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This question already has an answer here:

I have a file.txt with a lot of line inside such as::

blastdbcmd -db /path/path/LO/db_lh/makedb_KO -entry scaffold_2731 -range 32270-32509-strand minus >> file.fst
blastdbcmd -db /path/path/LO/db_lh/makedb_lKO -entry scaffold_2781 -range 3230-3508-strand minus >> file.fst
etc.

And I would like replace all file.fst pattern by path/data/path/LO/file.txt

and then get:

blastdbcmd -db /path/path/LO/db_lh/makedb_KO -entry scaffold_2731 -range 32270-32509-strand minus >> path/data/path/LO/file.txt
blastdbcmd -db /path/path/LO/db_lh/makedb_lKO -entry scaffold_2781 -range 3230-3508-strand minus >> path/data/path/LO/file.txt

etc.

It tried :

sed -i -e 's/file.fst/path/data/path/LO/file.txt/g' /path/path/file_script_recover_copie.txt

But it does not work, someone has a better idea? Thank you.

marked as duplicate by tripleee bash Jan 12 at 13:05

This question has been asked before and already has an answer. If those answers do not fully address your question, please ask a new question.

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If you are ok with awk then you could try following.

awk -v val="path/data/path/LO/file.txt" '{sub("file.fst",val)} 1' Input_file

Pass path's value to -v val variable of awk and then it should work.

With sed in case you want to keep delimiter as / itself then try following.(I am escaping \/ in sed solution so that it will NOT be considered as it is used for closing sed's block)

sed 's/file.fst/path\/data\/path\/LO\/file.txt/'  Input_file
2

Backup your file(s), and try this:

sed -i -e 's@file.fst@path/data/path/LO/file.txt@g' /path/path/file_script_recover_copie.txt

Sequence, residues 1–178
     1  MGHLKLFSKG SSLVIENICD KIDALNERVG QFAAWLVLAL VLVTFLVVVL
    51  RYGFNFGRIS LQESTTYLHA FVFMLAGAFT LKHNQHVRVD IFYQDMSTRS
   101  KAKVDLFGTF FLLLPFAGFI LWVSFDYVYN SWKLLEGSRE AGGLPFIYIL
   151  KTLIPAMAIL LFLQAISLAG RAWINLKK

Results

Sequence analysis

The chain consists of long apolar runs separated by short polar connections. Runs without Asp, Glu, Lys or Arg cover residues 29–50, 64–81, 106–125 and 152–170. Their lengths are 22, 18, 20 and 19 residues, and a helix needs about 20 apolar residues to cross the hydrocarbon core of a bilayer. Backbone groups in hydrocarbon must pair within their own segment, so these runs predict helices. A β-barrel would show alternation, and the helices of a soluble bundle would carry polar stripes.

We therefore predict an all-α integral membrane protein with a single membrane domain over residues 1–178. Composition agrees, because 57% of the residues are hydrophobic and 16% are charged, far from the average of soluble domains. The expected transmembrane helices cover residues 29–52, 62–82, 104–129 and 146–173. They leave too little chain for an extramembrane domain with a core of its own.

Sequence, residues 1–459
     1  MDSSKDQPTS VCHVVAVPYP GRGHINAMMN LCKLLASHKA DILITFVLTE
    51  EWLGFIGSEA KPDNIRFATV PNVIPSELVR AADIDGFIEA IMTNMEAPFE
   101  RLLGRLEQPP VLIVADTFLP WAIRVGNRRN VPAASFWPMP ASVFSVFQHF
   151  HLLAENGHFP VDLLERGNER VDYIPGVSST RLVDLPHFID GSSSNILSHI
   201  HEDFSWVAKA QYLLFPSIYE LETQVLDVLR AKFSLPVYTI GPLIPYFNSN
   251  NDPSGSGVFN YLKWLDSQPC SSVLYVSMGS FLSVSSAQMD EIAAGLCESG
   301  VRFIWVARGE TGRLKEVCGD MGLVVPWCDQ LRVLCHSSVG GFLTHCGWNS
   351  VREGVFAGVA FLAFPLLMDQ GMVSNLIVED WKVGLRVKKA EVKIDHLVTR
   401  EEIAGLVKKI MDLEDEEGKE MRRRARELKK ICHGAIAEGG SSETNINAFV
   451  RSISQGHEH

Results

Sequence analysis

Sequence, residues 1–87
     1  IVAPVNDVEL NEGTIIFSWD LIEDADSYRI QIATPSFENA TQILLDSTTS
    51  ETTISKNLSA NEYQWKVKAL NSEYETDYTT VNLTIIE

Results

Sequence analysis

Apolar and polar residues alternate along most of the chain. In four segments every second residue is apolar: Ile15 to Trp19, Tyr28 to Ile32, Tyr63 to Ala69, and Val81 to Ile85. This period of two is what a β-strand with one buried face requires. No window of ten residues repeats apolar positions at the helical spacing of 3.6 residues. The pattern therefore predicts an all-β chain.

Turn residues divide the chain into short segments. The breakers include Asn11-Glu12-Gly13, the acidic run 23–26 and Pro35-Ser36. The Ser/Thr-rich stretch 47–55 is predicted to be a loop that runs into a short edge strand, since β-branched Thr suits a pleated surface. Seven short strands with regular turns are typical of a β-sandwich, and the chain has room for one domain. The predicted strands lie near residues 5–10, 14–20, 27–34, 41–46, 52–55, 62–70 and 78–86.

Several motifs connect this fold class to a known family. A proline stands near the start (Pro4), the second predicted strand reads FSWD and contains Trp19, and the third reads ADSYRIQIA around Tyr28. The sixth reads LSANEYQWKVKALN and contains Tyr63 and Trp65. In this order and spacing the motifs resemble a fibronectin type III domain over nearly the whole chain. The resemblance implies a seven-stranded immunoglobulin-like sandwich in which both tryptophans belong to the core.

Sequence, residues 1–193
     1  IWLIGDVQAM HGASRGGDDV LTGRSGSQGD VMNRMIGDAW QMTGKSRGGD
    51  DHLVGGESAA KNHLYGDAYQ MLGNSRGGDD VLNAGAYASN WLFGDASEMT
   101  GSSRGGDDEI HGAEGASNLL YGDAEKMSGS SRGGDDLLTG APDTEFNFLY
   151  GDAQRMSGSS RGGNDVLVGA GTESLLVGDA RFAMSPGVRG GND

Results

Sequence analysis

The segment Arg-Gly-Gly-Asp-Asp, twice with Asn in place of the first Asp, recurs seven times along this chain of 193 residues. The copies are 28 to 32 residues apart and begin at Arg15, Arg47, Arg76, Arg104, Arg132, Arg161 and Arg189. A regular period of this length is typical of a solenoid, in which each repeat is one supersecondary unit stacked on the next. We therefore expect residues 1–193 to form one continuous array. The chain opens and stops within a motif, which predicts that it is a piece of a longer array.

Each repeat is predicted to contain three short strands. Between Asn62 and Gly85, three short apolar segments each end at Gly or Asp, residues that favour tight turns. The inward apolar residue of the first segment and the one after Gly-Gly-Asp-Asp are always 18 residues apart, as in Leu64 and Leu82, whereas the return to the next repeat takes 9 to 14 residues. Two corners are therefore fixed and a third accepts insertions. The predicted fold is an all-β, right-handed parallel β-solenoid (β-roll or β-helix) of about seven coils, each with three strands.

Eg:

$ cat file
blastdbcmd -db /path/path/LO/db_lh/makedb_KO -entry scaffold_2731 -range 32270-32509-strand minus >> file.fst
blastdbcmd -db /path/path/LO/db_lh/makedb_lKO -entry scaffold_2781 -range 3230-3508-strand minus >> file.fst
etc.

$ sed -e 's@file.fst@path/data/path/LO/file.txt@g' file
blastdbcmd -db /path/path/LO/db_lh/makedb_KO -entry scaffold_2731 -range 32270-32509-strand minus >> path/data/path/LO/file.txt
blastdbcmd -db /path/path/LO/db_lh/makedb_lKO -entry scaffold_2781 -range 3230-3508-strand minus >> path/data/path/LO/file.txt
etc.

The problem is because your replacement has / in it, where / also is your sed's s delimiter. But sed can use other characters as s's delimiter. So I changed it to @.
(You can use others too, so long they're in right places)

Another way is to escape /, by adding \before it, so inside s they become \/. (This applies to other special characters too, for example to use'you can put\'` inside.)

  • Just to add to this: the first character after the s defines the delimiter in the substitution expression, it doesn't have to be /. – eduffy Jan 12 at 12:04
  • It did work thank you :) so the @ allows to take into account the /// patterned right? – bewolf Jan 12 at 12:04
  • ok thank you :) – bewolf Jan 12 at 12:14
  • Kudos for your string of recent answers, but please refrain from answering questions which are obvious and clear duplicates. There's a good collection of shell scripting canonicals in the Stack Overflow bash tag info page. – tripleee Jan 12 at 13:08
  • @tripleee Okay, got it. Thanks for the link. – Tiw Jan 12 at 13:11

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